Tuesday, 11 October 2016

Paul Krugman on the Pound (and how Brexit voters mightn't be so dumb after all)

Krugman knows his apples (or is it onions) on trade - it's what he got his Nobel Prize for after all. So this little comment on Brexit and the Pound is interesting:
Pre-Brexit, Britain was obviously experiencing a version of the so-called Dutch disease. In its traditional form, this referred to the way natural resource exports crowd out manufacturing by keeping the currency strong. In the UK case, the City’s financial exports play the same role. So their weakening helps British manufacturing – and, maybe, the incomes of people who live far from the City and still depend directly or indirectly on manufacturing for their incomes. It’s not completely incidental that these were the parts of England (not Scotland!) that voted for Brexit.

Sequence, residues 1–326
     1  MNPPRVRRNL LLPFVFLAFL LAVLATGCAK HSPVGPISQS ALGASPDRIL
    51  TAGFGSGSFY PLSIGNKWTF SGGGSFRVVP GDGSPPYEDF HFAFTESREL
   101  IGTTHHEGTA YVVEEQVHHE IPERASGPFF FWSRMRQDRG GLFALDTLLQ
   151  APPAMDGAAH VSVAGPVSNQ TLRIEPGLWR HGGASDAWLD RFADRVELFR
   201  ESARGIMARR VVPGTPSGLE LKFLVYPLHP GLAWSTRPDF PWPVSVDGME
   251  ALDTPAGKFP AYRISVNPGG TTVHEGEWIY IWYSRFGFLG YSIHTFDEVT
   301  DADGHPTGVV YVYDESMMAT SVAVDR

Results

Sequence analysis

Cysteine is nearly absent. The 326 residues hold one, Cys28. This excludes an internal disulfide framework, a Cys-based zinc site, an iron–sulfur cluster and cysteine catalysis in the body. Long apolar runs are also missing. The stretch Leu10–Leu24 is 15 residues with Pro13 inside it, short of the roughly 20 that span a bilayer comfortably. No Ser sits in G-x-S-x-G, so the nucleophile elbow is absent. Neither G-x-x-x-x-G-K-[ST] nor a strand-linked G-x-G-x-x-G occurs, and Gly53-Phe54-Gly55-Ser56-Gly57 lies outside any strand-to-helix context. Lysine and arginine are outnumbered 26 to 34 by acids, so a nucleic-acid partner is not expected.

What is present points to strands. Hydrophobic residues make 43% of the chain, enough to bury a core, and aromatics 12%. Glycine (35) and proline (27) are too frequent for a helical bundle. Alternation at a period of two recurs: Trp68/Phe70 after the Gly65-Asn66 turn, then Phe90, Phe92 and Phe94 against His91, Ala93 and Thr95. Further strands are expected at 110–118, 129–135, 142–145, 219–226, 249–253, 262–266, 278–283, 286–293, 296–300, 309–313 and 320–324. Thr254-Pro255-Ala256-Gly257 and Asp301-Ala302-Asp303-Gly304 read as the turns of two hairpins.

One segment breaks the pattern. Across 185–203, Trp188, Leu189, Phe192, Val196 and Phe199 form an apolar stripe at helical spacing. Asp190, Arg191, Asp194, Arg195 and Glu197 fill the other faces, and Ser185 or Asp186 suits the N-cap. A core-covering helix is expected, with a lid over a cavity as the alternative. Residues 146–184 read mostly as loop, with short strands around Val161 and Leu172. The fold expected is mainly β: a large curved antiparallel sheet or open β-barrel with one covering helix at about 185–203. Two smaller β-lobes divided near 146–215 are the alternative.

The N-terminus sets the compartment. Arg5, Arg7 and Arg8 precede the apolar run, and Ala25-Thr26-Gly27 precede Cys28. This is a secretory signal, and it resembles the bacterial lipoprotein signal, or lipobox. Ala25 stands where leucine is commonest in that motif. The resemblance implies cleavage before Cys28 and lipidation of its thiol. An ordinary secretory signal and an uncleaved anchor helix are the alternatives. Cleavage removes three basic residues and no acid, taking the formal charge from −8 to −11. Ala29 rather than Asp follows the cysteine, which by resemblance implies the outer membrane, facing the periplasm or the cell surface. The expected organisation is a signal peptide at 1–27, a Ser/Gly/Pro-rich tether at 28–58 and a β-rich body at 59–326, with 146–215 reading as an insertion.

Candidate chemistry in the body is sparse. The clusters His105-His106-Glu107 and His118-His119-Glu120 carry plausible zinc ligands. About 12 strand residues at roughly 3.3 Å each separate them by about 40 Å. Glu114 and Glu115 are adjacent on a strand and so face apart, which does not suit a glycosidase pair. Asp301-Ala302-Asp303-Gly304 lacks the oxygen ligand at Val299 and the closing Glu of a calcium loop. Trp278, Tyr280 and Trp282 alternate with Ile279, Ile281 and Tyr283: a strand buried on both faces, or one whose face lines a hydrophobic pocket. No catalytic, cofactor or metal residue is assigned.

Rather questions the automatic presumption that people in Barnsley and Boston voting for Brexit were voting against their interests.


1 comment:

Anonymous said...

That, is a really interesting point.